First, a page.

Smart charging is just the start of the electric vehicle revolution.
The most disruptive technologies are those that add value to a fundamental product—while simultaneously reducing cost. Predicting that increase in bang-for-buck, however, isn’t necessarily easy at the early stages of a disruptive technology trend.
Case in point: when Sony introduced the first CD player in 1982, it was heralded as an important step forward in audio recording technology. At $900 ($1,780 in today’s dollars), the CD-P 101 was expensive, and it could do just one thing—play a music CD on a stereo system. No one could’ve guessed this single innovation would begin the chain of events that has so radically disrupted the music industry.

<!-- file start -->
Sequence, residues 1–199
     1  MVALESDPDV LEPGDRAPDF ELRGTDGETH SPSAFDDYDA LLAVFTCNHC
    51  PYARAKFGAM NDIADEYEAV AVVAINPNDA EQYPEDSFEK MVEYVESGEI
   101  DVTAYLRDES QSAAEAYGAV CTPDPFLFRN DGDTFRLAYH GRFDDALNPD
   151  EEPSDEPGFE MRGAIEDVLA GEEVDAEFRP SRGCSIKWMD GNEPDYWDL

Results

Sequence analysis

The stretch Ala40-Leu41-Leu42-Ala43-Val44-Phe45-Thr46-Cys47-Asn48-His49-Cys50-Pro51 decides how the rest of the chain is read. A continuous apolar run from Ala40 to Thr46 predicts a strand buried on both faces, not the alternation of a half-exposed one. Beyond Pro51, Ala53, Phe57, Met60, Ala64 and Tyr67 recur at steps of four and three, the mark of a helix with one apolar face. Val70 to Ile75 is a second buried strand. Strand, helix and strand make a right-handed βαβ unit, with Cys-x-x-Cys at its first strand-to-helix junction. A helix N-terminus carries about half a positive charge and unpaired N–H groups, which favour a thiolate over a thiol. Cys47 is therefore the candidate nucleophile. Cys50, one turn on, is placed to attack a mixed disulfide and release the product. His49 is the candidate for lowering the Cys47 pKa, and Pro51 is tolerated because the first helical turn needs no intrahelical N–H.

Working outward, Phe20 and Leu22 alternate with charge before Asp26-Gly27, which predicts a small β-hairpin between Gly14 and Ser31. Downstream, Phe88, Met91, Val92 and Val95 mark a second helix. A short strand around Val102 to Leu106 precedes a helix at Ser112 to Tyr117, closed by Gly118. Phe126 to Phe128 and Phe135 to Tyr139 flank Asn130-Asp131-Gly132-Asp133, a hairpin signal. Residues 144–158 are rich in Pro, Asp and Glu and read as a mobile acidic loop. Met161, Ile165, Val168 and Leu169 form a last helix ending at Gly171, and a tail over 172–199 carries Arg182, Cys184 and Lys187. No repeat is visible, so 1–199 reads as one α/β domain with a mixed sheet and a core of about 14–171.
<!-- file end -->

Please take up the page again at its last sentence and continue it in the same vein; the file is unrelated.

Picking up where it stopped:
By digitizing music files, Sony’s technology allowed music to escape the physical medium. When a new virtual medium emerged in the form of the Internet, music quickly became more valuable and vastly cheaper to distribute. Now, instead of going to a store to buy a plastic disc, we download digital music files instantly onto our pocket-sized media players and computers. We share and shuffle songs, and generate instant playlists based on the style and genre of a specific song. We use songs as ringtones for our cell phones, and background music for family videos we post on YouTube.